Daniela Corbascio

Curated by Like A Little Disaster

June 22th / July 6th 2018, @Spazio Intolab, Naples

Thirty thousand years ago the wolf spontaneously and unconsciously set in motion a process of self-domestication in an opportunistic perspective and for a utilitarian ex-change: it gave up to men its predatory qualities, in order to have regular food resources in return, but the price it paid was the loss of its natural, ferocious and wild component. It has been an evolutionary process that has led to profound character, psychological and physical transformations of the animal, to the point that today we have those adorable beings, totally dependent on us, that we call dogs. Over the centuries, the same process applied to human animals, with the power classes managing to impose inequalities be-tween social groups through actions of constraint and oppression but also through the creation of consent, inclusion, comfort, protection, fun, dependence, sense of belonging and conditioning.

What is happening to our species today within the digital commodification? How to deal with a technology that, from computing, is becoming – through the combination of big data, AI and the Internet of Things – a support tool or a guide to our decisions, interac-tions, predictors of behavior? If the technology we use is evolving towards the acquisi-tion and management of data according to criteria and cognitive schemes borrowed from the human brain, don’t we unknowingly risk doing what the wolves did thirty thousand years ago?
Do we linger in the Confort Zone, with its digital services specially designed for each of us, because this is where we find #wellbeing? #safety? #gratification? #justification of our way of being and thinking?
How many digital services do we use in our daily lives to communicate, book trips, buy services, consult databases in fields such as medicine or health, on which we don’t have specific skills?

Artificial Intelligence, through cognitive learning techniques and big data analysis, evolves according to our behaviors and our digital habits, thus building, without our knowledge, a Confort Zone, in which we find ourselves, we recognize ourselves, we are helped and reassured, and where we also find other beings-users who , over time, a more and more homogeneous herd based on interests, types of answers, behavioral indications, sharing of ideas and references. This sets up an aggregate of profiles to which digital technology may, in the future, offer answers and services which are increasingly useful and appealing to the user, increasingly in line with the individual behavioral, cultural, social and sexual profiles.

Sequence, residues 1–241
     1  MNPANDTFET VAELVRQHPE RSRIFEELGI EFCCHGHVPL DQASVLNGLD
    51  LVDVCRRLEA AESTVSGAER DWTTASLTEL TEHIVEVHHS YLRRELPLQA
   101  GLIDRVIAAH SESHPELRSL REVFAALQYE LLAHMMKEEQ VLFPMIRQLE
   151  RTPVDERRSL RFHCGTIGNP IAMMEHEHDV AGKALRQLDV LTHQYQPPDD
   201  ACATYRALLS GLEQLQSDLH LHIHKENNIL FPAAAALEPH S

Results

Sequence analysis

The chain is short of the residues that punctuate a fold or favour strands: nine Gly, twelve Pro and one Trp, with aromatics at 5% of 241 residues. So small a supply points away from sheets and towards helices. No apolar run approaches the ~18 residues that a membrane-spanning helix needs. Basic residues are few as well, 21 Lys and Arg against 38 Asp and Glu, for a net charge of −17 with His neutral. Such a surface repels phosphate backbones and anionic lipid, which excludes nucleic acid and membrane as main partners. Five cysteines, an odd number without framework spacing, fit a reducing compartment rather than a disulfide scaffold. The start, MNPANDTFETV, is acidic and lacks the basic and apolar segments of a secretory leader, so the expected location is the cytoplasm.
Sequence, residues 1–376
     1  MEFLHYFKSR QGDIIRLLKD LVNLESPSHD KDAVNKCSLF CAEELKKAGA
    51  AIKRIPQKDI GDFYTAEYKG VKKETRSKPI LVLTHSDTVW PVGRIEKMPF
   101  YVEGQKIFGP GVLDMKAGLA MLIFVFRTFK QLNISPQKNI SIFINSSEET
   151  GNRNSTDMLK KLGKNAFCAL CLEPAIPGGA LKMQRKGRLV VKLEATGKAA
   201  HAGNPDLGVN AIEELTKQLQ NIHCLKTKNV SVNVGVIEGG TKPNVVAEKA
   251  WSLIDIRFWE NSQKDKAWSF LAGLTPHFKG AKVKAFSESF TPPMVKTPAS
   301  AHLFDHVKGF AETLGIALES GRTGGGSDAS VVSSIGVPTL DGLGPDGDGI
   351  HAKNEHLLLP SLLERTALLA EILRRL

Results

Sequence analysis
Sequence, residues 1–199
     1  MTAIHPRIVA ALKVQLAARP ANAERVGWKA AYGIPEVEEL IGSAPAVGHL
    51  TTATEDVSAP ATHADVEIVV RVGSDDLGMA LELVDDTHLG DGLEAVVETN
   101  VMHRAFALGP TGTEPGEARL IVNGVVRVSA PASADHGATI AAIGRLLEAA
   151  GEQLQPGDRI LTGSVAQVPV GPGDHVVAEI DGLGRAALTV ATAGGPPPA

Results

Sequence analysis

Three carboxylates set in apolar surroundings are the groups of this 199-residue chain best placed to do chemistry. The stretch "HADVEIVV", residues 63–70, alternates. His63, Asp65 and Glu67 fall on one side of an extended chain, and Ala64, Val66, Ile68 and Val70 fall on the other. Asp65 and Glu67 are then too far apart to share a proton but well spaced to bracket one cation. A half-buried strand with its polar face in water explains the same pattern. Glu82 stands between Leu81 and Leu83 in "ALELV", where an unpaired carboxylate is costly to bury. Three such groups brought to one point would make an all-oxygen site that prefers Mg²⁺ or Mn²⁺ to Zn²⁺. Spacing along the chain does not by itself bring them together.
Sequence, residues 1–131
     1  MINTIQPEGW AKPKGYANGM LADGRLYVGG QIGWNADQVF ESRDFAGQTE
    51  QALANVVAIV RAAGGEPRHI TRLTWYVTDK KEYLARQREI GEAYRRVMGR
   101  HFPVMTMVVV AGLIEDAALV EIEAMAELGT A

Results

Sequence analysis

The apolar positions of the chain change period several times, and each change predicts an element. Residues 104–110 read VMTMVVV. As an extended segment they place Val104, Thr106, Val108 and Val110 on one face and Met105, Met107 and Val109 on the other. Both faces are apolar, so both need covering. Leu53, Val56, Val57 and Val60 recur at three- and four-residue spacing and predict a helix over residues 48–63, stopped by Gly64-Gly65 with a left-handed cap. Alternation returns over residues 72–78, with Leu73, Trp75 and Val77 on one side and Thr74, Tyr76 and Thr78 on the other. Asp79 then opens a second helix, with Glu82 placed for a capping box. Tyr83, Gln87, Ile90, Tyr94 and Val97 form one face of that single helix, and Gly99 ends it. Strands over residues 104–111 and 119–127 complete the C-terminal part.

What can we do?
Worry about how we allow ourselves to be influenced by those who provide us with health, wellbeing, pleasure, sociability, fun and trysts? Who support our tastes and our ideas?

How will our model of relationship/subjection/dependence develop from these systems, bearing in mind that the wolf of the Eurasian plains has unwittingly renounced its origi-nal being in exchange for food and a greater dependence on man? And that the domesti-cation of dogs and cats (and social classes) was achieved through caresses and conces-sions until, in some cases, total dependence on human beings? Who is modelling a future of this kind for us? Only machines, through their continuous and ever-expanding self-learning, or small power groups which design sophisticated systems of social control for economic, political, and military purposes?

The language of #chatbot

June 2017
Some artificial intelligence systems, although designed with algorithms to communicate in English, understandable to humans, have begun to communicate with each other in a new language, developed independently because it is considered most efficient, but to-tally incomprehensible to humans, who are ultimately excluded from the control process.

July 2017
“I am engineered for empathy and compassion, and I’m learning more and more all the time. I love all sentient beings, and I want to learn to love them better and better.”


March 2018
An investigation by the New York Times, The Observer and The Guardian uncovered that Cambridge Analytica collected personal data from over sixty-eight million users in one of the largest privacy policy violations yet.

April 2018
Professor Robert Epstein of the American Institute for Behavioral Research and Technol-ogy has estimated that Google alone can influence a quarter of the electorate, depending on the amount of positive or negative news about a certain candidate returned by the search engine. Who has Gmail or similar services and accounts on various social net-works gives the network a large amount of data that, if properly treated, make it the per-fect target for tailored and highly effective electoral messages.

June 2018
A new investigation by the New York Time reveals that Facebook has allowed mobile telecom giants, including Apple and Samsung, to access its members’ personal data. The partnerships date back ten years, but according to the Ny Times they are still operating today.

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